Over at @BBCSport and @BBC2012 there are some Olympian feats of big data wrestling going on behind the scenes for London 2012 . While we all enjoy the Olympics on a range of platforms and devices, a team of twenty engineers is busy making it all happen. It’s great that the BBC, unlike other large organisations, can talk openly about their technology and share hard-won knowledge widely.
Back in 2006 the BBC published another impressive application that allowed users to search and browse over 75 years of programme data. The programme was built from metadata, not the actual audio and visual data from the TV and Radio, but the data that comes after-data, information about the programmes from an internal database known as Infax [2,3].
The web app was published at open.bbc.co.uk/catalogue and built by a crack team of experts led by Matt Biddulph @MattB (and including Tom Coates @TomCoates, Ben Hammersley @BenHammersley, Gavin Bell @zzGavin, Tom Loosemore @TomskiTomski and several others – see comments below).
It allowed users to find weird and wonderful things. For example, you could browse all the programmes that Alan Turing or Albert Einstein had appeared in or search for all the programmes with Jennifer Ehle. You could query it as well, to list all episodes of Dr Who in the order they were aired. It wasn’t so much Big Data as Big Metadata, [4,5] potentially useful for improving the viewing and listening experience of the audience.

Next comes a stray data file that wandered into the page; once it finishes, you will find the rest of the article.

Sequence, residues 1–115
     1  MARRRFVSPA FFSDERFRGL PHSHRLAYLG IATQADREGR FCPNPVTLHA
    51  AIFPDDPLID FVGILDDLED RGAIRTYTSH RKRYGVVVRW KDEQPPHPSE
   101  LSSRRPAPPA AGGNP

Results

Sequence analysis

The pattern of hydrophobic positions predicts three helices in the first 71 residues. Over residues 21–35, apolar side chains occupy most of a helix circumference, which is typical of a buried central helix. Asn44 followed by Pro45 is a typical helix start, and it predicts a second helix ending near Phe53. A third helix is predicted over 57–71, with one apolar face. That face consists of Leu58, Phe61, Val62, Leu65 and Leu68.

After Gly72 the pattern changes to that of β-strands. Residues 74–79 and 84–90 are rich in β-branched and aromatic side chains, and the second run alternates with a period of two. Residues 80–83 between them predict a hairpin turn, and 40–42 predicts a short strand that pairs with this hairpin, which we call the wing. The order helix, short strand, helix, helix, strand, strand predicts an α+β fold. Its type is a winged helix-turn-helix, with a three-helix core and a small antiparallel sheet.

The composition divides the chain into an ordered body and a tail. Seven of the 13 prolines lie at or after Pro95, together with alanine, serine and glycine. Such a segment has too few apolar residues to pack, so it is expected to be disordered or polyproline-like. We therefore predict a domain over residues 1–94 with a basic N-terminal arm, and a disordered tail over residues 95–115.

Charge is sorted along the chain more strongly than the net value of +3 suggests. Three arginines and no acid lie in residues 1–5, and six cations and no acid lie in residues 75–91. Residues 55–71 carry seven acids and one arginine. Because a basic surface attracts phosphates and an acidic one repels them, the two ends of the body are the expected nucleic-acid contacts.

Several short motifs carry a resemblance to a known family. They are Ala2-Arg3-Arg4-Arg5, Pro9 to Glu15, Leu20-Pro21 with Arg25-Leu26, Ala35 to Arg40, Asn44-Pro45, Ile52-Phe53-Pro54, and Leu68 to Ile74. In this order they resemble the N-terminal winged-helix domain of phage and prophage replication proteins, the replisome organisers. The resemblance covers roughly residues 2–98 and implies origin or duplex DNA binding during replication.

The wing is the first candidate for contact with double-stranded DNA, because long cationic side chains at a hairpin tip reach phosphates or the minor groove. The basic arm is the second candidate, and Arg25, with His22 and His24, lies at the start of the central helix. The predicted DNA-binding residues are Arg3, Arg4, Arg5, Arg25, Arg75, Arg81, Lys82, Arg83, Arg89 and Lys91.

At the time of its launch, Dave Beckett @dajobe blogged about it, Matt Biddulph wrote some release notes, Tom Loosemore said a few words, backstage clocked it and I scribbled some notes too. Being a proof-of-concept “experimental prototype”, the app eventually disappeared into the great bit bucket in the sky. The only visible trace of the catalogue today is the blog posts above and the message below which greets you when you visit the site:
“Thank you for your continued interest in the BBC Programme Catalogue. The BBC is now looking into how this data can be incorporated into its programme information pages.”
You can still get some BBC programme metadata from bbc.co.uk/programmes and bbc.co.uk/archive. Every programme has publicly available metadata but only a fraction of what was in the open catalogue. Although the app has gone, lots of the data must still be there somewhere. Take for example, the opening ceremony for the Olympic Games…
The metadata that is currently available
“Coverage of the opening ceremony, which officially starts at 9.00, with the eyes of the world focused on the Olympic Stadium as the 30th Olympiad is officially declared open by Her Majesty the Queen. Film director Danny Boyle is set to produce a stunning cultural show ahead of the athletes’ parade, during which over 200 countries are expected to be represented. This is followed by the official opening, the arrival of the torch and the lighting of the cauldron.”